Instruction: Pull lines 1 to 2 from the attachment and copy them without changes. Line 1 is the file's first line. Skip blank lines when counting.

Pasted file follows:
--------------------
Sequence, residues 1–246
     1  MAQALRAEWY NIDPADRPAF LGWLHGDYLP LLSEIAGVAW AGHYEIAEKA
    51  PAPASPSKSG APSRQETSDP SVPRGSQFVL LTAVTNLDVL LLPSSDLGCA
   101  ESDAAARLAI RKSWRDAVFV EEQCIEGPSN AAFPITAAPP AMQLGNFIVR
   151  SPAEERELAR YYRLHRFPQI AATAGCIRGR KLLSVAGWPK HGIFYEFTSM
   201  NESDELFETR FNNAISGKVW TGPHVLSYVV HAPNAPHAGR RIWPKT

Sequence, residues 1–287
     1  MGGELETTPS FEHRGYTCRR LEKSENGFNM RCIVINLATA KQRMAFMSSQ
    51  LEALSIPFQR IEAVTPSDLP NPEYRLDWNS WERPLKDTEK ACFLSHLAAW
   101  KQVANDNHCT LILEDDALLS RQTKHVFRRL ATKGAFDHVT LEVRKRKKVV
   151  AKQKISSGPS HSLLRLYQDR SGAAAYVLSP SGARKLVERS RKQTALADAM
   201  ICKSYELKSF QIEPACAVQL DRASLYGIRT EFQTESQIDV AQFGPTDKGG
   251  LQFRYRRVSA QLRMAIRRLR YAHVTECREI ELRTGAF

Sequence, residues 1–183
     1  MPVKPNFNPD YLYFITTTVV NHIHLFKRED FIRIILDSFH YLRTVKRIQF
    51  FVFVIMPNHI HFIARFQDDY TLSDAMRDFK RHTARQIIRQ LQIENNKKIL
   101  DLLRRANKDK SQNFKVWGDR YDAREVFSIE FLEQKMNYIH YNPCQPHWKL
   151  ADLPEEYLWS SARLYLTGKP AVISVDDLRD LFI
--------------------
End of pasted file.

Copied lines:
Sequence, residues 1–246
     1  MAQALRAEWY NIDPADRPAF LGWLHGDYLP LLSEIAGVAW AGHYEIAEKA